From there, the Surface Pro 6 can be configured to your desired specifications with up to an Intel Core i7 processor, 16GB of RAM and a 1TB SSD. If you really want to max out the Surface Pro 6 out, you’re looking at an exorbitant $2,299 (£2,149, AU$3,459) price tag.
As far as its main competitor, the 12.9-inch iPad Pro (2017) asks for a bit less at $799 (£769, AU$1,299). This will get you a 2,732 x 2,048 pixel display powered by Apple’s A10X SOC and with 64GB of flash storage. The iPad also doesn’t come with a stylus or a keyboard, which will cost you another $99 (£99, AU$145) and $169 (about £170, AU$245) respectively, if you purchase them from Apple.
On paper, the Surface Pro 6 remains to be the better value since you’re getting more of a full computer experience for only about 100 bucks (or quid) more. However, the race is definitely closer than it’s ever been.
If you want to go with Chrome OS, the new Google Pixel Slate is worth considering, which will set you back $799 (£749, AU$1,162) for the base model. This may have been a great deal if it wasn’t for Google is asking for an extra $199 (£189, AU$280) for the keyboard cover. That’s not exactly good value, especially considering that both the iPad Pro and Surface Pro 6 surpass it in terms of sheer power.
Design and display
Other than the elegant new black color scheme that’s lovely to touch, just about nothing is different about the Surface Pro design compared to the 2017 model. The tablet measures only 0.33 inches thin and weighs just 1.7 pounds – again, this stays untouched from its predecessor.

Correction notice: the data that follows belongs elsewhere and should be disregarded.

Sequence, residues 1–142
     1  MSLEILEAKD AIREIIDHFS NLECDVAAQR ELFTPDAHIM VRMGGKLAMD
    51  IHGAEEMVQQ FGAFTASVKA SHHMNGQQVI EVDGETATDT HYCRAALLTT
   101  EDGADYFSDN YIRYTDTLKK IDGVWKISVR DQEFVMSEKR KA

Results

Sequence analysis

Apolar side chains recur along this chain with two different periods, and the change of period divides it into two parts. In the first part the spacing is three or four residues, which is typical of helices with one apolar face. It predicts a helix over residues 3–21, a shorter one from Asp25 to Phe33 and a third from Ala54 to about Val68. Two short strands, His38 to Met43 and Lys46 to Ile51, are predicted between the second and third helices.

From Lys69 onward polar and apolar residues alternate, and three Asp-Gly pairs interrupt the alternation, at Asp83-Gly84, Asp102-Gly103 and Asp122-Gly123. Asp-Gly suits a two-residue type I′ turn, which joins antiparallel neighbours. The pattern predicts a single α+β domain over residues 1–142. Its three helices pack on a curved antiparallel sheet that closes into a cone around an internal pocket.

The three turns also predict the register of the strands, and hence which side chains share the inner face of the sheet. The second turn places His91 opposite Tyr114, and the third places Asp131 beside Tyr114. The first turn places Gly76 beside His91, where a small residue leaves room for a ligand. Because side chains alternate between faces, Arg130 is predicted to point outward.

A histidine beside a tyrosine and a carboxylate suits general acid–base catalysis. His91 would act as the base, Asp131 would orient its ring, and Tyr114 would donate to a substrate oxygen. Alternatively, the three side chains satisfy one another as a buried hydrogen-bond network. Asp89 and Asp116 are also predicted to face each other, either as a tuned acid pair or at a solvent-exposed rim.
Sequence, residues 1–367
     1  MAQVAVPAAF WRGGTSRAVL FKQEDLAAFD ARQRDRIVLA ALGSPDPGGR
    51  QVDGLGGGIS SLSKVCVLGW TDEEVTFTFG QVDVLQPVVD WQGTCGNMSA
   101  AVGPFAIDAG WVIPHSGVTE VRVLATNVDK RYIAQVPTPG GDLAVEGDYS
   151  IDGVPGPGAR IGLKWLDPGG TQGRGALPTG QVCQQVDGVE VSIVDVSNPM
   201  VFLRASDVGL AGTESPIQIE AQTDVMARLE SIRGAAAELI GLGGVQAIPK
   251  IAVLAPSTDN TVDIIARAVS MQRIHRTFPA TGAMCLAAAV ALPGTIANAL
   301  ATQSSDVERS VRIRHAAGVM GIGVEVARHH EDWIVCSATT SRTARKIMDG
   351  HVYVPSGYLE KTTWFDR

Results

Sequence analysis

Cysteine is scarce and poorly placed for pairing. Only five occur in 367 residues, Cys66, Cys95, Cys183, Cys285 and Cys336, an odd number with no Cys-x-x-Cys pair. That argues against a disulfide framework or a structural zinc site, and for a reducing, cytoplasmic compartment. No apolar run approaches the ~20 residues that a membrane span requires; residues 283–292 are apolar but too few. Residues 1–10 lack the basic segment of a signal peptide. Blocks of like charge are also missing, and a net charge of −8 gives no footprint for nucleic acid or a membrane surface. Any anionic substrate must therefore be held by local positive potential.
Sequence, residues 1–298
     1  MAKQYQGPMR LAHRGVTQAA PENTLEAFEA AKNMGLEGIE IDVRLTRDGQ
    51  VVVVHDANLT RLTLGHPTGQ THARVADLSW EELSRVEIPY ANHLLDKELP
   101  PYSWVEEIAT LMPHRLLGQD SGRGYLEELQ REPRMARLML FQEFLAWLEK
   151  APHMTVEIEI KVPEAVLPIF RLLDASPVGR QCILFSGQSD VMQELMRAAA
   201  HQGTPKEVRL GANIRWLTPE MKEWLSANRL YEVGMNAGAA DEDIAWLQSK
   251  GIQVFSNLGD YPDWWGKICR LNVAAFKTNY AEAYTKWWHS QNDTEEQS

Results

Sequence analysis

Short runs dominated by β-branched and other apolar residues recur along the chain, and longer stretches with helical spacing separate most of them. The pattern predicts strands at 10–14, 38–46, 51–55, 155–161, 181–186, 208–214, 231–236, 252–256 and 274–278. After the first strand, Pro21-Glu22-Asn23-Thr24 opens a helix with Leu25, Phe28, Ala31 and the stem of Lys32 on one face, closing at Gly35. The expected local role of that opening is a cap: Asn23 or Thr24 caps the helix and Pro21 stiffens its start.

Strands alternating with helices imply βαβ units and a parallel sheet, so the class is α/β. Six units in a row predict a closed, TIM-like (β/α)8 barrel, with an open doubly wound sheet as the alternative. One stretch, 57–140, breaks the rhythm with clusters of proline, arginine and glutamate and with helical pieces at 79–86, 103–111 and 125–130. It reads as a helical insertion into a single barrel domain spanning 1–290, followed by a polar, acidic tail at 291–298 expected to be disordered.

The Surface Pro 6 has all the same ports and wireless options as last year’s model as well as – not to mention, the exact same Type Cover. We’re satisfied with the latter simply because the Type Cover is already excellent in its current iteration. In fact, we’ll go as far as to say that it might just be the best accessory of its kind that we’ve ever tested.
However, we’re extremely disappointed that Microsoft decided to forgo USB-C again, and that’s not only because of the apparent benefits that the platform has to offer. Microsoft has been gating faster data transfers and wider docking capabilities behind the proprietary Surface Connect port for a while now, forcing users who need that speed boost and expansion to pick up a $199 (about £150, AU$280) Surface Dock accessory, which increases the final cost some more.
Even the included USB 3.0 is behind the curve of USB 3.1, which is the standard in 2019 and boasts twice the transferring data speed as the former. This isn’t OK: it’s now costing consumers more cash to unlock the full versatility of a device that Microsoft insists can function as their one and only computer.
On a slightly more positive note, the display, though mostly unchanged, is marginally improved in one area. It now has a stronger contrast ratio of 1,500:1 in comparison to the previous model’s 1,300:1.
This will benefit not just consumers, but content creators as well, with deeper blacks and more vibrant colors that absolutely make movies more superb looking, and can possibly make media editing much easier and more accurate for content creators.
First reviewed November 2018
Images Credit: TechRadar